What Is the Best Wax for Restoring Car Paint?

by Richard Rowe
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suv image by Michael Shake from Fotolia.com

There is great irony in the fact that manufacturers make vehicles out of something as sturdy as metal then cover it with a substance so fragile that everyone frets over the tiniest scratch. Fortunately, there are a number of products on the market engineered to beautify this coating and reduce the appearance of scratches.

Waxes and Restoration

Waxes cannot actually restore a car's paint; only polish can permanently and physically smooth the paint itself. Wax can only fill small imperfections, giving the appearance of a smoother finish.

Natural and Synthetic

Waxes fall into one of two categories: natural and synthetic (polymer) types. These should never be confused with "sealants," which protect the paint but don't impart much shine.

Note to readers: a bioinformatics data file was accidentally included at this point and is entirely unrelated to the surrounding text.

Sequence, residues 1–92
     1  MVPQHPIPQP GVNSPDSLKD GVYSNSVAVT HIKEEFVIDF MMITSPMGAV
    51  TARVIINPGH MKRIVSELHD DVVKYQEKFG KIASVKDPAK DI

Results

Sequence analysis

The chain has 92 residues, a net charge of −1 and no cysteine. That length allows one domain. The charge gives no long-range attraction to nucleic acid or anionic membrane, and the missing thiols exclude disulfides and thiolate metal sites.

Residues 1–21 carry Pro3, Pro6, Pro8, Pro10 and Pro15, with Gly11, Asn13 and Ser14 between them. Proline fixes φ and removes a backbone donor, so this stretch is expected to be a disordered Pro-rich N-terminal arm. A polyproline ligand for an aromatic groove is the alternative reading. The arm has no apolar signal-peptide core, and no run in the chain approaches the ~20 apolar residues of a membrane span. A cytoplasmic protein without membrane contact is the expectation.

Because they form such a thick coating, carnauba waxes impart a deeper and much more lustrous shine than liquid polymer types.

Tone Quality

Carnauba wax is preferred for its deep, rich tone on reds and yellows. Synthetic wax is a light blue in color, making the car's pigment appear somewhat cooler than it really is.

Shine Quality

Thicker carnuba waxes will impart a deep gloss and liquid shine to the paint, and are preferred for bodies with more curve and flow. Thin synthetics give a very hard and mirror-like shine, making them best for boxy or faceted body shapes.

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